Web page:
Frankenstein's Great Aunt Tillie (1984; 100 minutes)

An incomprehensible, cheaply made horror-comedy, Frankenstein's Great Aunt Tillie posits what might have happened in Transylvania 100 years after Dr. Frankenstein created his monster. The doctor's descendents, including a doddering old guy (Donald Pleasance), a busty blonde (June Wilkinson) and the doctor's aunt Matilda (Yvonne Furneaux) stake a claim on the castle and revive the monster, still stowed away in the basement. The shoddily written script somehow involves the heirs' attempts to get money flowing back into the estate by reviving the monster, who is unaccountably painted a shade of blue. Zsa Zsa appears briefly in a flashback scene as the first wife of Dr. Frankenstein (also played by a slumming and obviously distracted Pleasance). How terrible is this? I kept thinking it would make an ideal Mystery Science Theater 3000 episode, but this turkey is too boring for even the MST3K guys to attempt to decipher.

The Honest Man (1956; 30 minutes)

Ronald Reagan hosts this episode of TV's General Electric Theater which stars Jack Benny as Sheldon Weeks, a mild-mannered piano tuner who finds himself in the possession of a bag full of valuable stolen jewels. While he is tailed by Charles Bronson as the hood who originally stole the jewels, Benny's propensity to never tell a lie gets him further into trouble with his girlfriend. An odd little program which plays its laughs broadly - surprisingly, it was directed by Frank Tashlin (The Girl Can't Help It). Zsa Zsa appears as one of the three women who lustfully chase after the hapless Benny.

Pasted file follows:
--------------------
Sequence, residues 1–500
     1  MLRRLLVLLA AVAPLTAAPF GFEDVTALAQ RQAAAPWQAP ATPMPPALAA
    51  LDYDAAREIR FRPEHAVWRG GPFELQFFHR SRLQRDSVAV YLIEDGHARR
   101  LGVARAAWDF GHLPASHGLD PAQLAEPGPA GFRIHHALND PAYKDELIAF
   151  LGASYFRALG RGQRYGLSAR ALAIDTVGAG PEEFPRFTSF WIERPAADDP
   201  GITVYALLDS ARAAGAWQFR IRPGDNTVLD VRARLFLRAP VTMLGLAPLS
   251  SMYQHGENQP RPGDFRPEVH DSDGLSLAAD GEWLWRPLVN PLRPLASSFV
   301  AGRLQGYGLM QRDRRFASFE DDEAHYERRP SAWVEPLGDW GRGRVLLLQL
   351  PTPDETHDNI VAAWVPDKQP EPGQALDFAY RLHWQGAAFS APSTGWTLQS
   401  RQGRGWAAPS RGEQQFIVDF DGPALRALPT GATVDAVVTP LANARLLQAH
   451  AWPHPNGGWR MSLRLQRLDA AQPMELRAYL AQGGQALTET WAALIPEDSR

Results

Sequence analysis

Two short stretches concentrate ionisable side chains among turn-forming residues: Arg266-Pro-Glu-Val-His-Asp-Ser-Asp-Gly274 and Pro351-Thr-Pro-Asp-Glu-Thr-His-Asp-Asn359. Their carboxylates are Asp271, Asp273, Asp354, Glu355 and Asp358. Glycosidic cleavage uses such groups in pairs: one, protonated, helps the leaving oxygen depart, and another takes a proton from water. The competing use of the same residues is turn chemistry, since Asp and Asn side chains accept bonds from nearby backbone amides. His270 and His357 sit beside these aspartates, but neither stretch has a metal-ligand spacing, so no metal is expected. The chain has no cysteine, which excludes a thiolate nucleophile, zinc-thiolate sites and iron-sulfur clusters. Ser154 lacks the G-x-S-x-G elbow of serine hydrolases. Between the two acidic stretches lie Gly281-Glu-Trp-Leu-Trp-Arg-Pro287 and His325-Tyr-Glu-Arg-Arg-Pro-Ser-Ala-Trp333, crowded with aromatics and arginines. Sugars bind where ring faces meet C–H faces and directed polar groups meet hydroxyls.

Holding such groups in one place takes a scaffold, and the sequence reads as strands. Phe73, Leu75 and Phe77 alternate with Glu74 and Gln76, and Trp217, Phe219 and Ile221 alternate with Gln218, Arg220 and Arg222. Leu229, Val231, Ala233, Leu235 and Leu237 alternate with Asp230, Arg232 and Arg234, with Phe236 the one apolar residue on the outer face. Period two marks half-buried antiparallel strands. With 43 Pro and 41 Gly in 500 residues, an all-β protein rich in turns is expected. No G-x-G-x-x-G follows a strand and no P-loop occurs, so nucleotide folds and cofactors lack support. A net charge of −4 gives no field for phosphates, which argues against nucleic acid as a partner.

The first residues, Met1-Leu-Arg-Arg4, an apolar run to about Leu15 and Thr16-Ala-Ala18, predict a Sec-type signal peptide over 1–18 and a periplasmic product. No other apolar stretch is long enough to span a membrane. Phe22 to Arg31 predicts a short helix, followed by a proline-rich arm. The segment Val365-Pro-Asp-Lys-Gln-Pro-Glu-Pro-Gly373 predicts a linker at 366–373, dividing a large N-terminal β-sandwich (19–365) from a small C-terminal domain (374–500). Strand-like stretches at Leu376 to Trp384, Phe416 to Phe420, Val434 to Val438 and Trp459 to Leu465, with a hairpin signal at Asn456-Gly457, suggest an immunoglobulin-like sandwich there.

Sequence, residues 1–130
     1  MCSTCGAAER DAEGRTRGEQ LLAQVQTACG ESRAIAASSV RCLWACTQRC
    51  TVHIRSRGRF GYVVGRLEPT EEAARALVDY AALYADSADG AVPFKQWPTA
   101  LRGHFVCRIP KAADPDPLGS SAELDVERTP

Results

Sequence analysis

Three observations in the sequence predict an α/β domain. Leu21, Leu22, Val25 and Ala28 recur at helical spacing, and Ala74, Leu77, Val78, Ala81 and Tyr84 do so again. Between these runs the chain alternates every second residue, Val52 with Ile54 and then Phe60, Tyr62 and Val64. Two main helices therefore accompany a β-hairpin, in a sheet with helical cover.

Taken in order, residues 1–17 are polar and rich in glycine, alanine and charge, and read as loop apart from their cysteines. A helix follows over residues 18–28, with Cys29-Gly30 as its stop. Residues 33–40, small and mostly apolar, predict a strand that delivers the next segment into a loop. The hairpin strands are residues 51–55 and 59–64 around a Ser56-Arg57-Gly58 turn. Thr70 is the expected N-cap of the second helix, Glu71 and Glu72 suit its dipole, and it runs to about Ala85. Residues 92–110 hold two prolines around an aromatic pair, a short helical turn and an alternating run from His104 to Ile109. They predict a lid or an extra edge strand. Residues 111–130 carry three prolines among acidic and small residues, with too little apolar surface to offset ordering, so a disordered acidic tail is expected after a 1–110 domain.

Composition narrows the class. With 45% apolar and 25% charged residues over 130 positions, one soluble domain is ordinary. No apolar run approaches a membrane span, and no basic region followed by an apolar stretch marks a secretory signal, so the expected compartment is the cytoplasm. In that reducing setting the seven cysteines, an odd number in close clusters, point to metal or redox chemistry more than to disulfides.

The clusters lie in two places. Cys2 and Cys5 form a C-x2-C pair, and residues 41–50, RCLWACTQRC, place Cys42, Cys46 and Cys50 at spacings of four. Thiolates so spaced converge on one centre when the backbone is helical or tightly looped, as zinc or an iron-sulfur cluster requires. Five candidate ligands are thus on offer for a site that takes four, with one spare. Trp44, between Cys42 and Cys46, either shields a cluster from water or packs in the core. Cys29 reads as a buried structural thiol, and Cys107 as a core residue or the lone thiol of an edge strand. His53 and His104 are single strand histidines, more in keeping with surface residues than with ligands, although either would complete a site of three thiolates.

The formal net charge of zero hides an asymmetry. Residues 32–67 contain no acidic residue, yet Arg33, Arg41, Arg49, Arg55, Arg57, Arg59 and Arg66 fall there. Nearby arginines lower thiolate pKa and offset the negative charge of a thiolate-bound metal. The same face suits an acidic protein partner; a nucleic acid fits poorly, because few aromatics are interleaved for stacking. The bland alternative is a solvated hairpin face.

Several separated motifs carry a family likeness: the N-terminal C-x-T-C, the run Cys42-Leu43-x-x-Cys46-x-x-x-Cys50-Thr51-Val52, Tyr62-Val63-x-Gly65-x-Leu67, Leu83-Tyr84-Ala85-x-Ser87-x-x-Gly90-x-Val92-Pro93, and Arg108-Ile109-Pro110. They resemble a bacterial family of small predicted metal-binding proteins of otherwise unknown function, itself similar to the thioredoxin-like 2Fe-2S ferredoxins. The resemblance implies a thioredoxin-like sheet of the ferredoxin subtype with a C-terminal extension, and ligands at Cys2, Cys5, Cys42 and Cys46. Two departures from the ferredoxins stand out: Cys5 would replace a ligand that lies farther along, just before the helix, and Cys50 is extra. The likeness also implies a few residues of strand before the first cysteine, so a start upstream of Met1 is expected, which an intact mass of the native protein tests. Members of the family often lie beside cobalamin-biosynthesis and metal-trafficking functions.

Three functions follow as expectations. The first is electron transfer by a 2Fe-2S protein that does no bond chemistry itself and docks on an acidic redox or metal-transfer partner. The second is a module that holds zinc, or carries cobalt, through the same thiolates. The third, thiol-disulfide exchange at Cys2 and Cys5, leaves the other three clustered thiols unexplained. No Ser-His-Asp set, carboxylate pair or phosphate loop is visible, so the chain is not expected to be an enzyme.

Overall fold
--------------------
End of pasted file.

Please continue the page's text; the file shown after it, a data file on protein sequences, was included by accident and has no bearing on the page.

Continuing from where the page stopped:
Dahling: A Tribute to Zsa Zsa Gabor's packaging lists another '50s TV appearance, an episode of The Milton Berle Show, among this disc's offerings. That isn't included, however. Original theatrical trailers for Zsa Zsa outings Moulin Rouge (1952), Queen of Outer Space (1958), The Naked Truth (1993) and We're Not Married! (1952) round out contents of this underwhelming tribute.

The DVD:


Spotty, mostly bad transfers on this full-frame disc. Mooch Goes To Hollywood sports a decent picture with a few flaws and scratches; Frankenstein's Great Aunt Tillie's de-saturated and somewhat blurry picture make it hard to watch. The Honest Man seems to be taken off a kinescope that somebody forgot to sharpen the focus on. All selections have the ever-present "Hollywood Select Video" bug in the corner.


It's all mono, and all strictly okay except for the muddy-sounding G.E. Theater episode.


Unless you count the four trailers, there are no extras.

Final Thoughts:

As far as tributes go, Dahling: A Tribute to Zsa Zsa Gabor is like asking for diamonds and getting a cubic zirconia. The contents of this slim package appear to be whatever public domain stuff the folks at Hollywood Select Video could cobble together. Fans would be better advised to seek out her better talk show moments on YouTube. Skip It.

Matt Hinrichs is a designer, artist, film critic and jack-of-all-trades in Phoenix, Arizona. Since 2000, he has been blogging at 4 Color Cowboy is his repository of Western-kitsch imagery, while other films he's experienced are logged at Letterboxd. He also welcomes friends on Twitter @4colorcowboy.